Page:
YELLOW FEVER VACCINE
Welcome to the Yellow Fever section of the Washington Travel Clinic website. This page contains valuable information on yellow fever and its prevention, as well as links to the CDC website where you can learn about country-specific recommendations and requirements for yellow fever vaccination.
The yellow fever vaccine is available at the Washington Travel Clinic. Our fee structure is clearly posted in the Pricing section. For an easy online appointment, please click here. Also visit our Homepage for more information about the full spectrum of our services.
Travelers should get vaccinated against yellow fever before visiting areas where yellow fever occurs. The clinician’s decision whether or not to vaccinate any traveler must take into account the traveler’s risk of being infected with yellow fever virus, country entry requirements, and individual risk factors for serious adverse events after yellow fever vaccination (such as age and immune status). In the United States, the vaccine is given only at designated yellow fever vaccination centers, such as the Washington Travel Clinic. The yellow fever vaccine is administered in one dose under the skin and provides protection for 10 years. Side effects are unusual, the most common being redness at the injection site.
International regulations require proof of yellow fever immunization for travel to and from certain countries. People who get vaccinated should be given an International Certificate of Vaccination. The certificate is provided during the same visit at our clinic at no extra cost.
About Yellow Fever:
Yellow fever is a life-threatening infectious disease caused by infection with the yellow fever virus, which is transmitted by the bite of infected mosquitoes. It occurs in tropical regions of Africa and in parts of South America.
Mosquitoes that spread yellow fever usually bite during the day, especially at dusk and dawn. Travelers should take precautions against mosquito bites when in areas with yellow fever transmission. The geographic range of the virus is South America and Africa.
There are two kinds of yellow fever, spread by two different cycles of infection:
Jungle yellow fever is mainly a disease of monkeys. It is spread from infected mosquitoes to monkeys in the tropical rain forest. People get jungle yellow fever when they are bitten by mosquitoes that have been infected after feeding on infected monkeys. Jungle yellow fever is rare and occurs mainly in persons who live or work in tropical rain forests.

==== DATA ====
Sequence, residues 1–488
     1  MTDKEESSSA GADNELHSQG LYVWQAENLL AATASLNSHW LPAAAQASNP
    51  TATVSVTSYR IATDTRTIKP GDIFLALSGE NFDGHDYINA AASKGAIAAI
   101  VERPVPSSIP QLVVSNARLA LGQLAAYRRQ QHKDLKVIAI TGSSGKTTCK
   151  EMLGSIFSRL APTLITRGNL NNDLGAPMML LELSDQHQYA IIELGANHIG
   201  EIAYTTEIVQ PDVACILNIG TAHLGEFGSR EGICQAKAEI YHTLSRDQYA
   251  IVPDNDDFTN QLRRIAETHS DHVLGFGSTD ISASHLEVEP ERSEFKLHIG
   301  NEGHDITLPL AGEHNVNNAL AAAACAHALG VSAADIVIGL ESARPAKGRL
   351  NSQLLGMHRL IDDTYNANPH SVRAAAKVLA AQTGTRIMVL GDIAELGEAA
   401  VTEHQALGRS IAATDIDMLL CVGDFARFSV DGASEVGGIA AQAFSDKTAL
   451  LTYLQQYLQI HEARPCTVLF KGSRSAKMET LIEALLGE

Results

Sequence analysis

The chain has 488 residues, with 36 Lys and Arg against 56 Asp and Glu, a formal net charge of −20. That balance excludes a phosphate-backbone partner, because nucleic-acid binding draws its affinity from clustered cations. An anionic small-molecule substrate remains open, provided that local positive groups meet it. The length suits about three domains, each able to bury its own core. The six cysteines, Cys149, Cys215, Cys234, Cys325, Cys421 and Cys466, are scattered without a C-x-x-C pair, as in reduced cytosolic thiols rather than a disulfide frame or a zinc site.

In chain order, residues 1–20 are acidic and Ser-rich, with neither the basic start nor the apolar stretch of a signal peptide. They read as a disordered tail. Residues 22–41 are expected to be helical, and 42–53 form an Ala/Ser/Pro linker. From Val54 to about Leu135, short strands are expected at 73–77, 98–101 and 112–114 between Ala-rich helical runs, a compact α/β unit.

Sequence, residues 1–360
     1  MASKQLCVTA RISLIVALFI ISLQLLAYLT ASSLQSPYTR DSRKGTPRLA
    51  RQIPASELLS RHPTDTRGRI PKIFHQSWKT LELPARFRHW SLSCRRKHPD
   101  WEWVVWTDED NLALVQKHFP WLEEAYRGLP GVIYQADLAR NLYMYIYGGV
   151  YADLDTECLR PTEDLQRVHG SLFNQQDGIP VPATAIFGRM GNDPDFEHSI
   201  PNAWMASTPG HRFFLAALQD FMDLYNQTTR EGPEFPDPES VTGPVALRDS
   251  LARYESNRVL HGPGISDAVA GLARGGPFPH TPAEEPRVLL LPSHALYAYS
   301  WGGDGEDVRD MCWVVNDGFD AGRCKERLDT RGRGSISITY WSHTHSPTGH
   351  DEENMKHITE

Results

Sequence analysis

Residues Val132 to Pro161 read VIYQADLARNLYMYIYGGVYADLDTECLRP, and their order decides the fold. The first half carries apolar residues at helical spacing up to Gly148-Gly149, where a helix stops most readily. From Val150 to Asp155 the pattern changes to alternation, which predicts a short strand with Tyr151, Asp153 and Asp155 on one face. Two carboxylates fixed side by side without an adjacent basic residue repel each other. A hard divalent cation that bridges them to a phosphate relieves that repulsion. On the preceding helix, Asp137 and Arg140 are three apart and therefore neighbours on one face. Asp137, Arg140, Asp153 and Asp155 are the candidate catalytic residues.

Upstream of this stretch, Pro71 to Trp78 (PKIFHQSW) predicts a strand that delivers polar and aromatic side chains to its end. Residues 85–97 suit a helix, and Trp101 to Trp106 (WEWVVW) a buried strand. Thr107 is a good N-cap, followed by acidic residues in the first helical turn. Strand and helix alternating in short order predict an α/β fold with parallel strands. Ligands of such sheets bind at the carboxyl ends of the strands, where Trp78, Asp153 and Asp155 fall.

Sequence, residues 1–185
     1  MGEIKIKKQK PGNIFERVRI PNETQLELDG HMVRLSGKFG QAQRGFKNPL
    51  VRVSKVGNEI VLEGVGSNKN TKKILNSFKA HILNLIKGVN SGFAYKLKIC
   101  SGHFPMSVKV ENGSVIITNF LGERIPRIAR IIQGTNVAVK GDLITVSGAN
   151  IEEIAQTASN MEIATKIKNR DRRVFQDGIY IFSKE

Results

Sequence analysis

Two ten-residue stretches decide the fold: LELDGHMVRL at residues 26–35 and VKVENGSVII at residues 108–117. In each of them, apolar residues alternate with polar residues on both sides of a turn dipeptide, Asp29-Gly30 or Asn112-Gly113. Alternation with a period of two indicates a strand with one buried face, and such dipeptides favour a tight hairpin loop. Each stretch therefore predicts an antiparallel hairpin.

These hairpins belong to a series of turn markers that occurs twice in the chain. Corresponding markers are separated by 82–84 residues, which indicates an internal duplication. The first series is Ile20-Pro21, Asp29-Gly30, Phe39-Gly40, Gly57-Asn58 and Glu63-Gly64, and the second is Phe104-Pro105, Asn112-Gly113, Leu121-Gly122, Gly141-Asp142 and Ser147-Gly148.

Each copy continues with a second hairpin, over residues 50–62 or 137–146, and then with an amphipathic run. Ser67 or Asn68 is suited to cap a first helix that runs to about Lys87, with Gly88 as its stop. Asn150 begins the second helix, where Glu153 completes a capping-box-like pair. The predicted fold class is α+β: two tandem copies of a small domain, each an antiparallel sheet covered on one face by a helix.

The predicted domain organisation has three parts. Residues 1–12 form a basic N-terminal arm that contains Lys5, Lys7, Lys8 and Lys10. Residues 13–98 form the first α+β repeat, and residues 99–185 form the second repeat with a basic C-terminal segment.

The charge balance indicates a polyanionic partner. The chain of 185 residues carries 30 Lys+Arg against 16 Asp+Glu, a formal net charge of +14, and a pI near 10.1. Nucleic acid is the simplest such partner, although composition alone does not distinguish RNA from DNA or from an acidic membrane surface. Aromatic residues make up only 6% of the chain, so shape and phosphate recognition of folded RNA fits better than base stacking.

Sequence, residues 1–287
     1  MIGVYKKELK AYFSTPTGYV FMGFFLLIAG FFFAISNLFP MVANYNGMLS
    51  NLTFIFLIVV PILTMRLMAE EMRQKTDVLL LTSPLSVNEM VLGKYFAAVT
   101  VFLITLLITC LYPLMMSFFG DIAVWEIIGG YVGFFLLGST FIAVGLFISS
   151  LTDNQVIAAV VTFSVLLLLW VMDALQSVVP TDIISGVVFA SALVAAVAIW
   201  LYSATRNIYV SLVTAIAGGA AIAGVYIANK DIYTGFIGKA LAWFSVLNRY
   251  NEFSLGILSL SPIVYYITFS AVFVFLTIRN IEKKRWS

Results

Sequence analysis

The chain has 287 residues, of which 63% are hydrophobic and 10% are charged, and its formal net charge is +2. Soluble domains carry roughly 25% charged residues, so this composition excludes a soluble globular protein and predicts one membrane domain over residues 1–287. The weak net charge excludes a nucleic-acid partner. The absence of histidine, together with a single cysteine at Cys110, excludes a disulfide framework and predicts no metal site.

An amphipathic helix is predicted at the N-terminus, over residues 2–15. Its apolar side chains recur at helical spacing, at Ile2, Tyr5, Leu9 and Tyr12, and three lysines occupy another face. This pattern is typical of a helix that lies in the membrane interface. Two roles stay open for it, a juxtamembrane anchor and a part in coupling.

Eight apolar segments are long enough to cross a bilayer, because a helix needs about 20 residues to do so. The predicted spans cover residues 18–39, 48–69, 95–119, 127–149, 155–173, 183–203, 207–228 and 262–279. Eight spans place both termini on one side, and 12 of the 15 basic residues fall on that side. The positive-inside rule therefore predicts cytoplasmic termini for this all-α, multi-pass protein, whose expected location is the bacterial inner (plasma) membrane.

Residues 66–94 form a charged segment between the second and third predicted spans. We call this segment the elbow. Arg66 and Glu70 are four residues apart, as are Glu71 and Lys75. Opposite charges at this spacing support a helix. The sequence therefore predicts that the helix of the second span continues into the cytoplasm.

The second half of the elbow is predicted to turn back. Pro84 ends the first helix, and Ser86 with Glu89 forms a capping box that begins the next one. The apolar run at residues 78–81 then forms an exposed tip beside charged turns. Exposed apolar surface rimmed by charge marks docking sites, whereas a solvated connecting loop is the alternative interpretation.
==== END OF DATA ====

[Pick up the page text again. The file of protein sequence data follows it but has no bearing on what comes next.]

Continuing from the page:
Urban yellow fever is a disease of humans. It is spread by mosquitoes that have been infected by other people. Aedes aegypti is the type of mosquito that usually carries yellow fever from human to human. These mosquitoes have adapted to living among humans in cities, towns, and villages. Their larvae grow in discarded tires, flower pots, oil drums, and water storage containers close to human dwellings. Urban yellow fever is the cause of most yellow fever outbreaks and epidemics.
Illness ranges in severity from a self-limited febrile illness to severe hepatitis and hemorrhagic fever. Many yellow fever infections are mild, but the disease can cause severe, life-threatening illness. Symptoms of severe infection are high fever, chills, headache, muscle aches, vomiting, and backache. After a brief recovery period, the infection can lead to shock, bleeding, and kidney and liver failure. Liver failure causes jaundice (yellowing of the skin and the whites of the eyes), which gives yellow fever its name. Severe yellow fever infections can be fatal. Case-fatality rates from severe disease range from 15% to more than 50%.
There is no specific treatment for yellow fever. Treatment is symptomatic: rest, fluids, and ibuprofen, naproxen, or acetaminophen may relieve symptoms of fever and aching. Infected persons should be protected from further mosquito exposure (staying indoors and/or under a mosquito net during the first few days of illness) so that they can’t contribute to the transmission cycle.
Click here for more information about yellow fever from the CDC website.